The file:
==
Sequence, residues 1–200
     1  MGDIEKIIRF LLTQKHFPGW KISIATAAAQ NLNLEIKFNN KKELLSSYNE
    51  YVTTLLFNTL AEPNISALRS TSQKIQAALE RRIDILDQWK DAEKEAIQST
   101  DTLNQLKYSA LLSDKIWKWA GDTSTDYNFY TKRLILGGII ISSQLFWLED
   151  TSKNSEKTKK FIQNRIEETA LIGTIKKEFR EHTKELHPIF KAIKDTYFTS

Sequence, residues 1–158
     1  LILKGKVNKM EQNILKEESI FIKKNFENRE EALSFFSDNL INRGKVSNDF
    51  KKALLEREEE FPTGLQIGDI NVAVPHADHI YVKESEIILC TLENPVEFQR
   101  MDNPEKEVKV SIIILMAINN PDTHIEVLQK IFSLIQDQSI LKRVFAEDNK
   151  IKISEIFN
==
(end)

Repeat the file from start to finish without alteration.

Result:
Sequence, residues 1–200
     1  MGDIEKIIRF LLTQKHFPGW KISIATAAAQ NLNLEIKFNN KKELLSSYNE
    51  YVTTLLFNTL AEPNISALRS TSQKIQAALE RRIDILDQWK DAEKEAIQST
   101  DTLNQLKYSA LLSDKIWKWA GDTSTDYNFY TKRLILGGII ISSQLFWLED
   151  TSKNSEKTKK FIQNRIEETA LIGTIKKEFR EHTKELHPIF KAIKDTYFTS

Sequence, residues 1–158
     1  LILKGKVNKM EQNILKEESI FIKKNFENRE EALSFFSDNL INRGKVSNDF
    51  KKALLEREEE FPTGLQIGDI NVAVPHADHI YVKESEIILC TLENPVEFQR
   101  MDNPEKEVKV SIIILMAINN PDTHIEVLQK IFSLIQDQSI LKRVFAEDNK
   151  IKISEIFN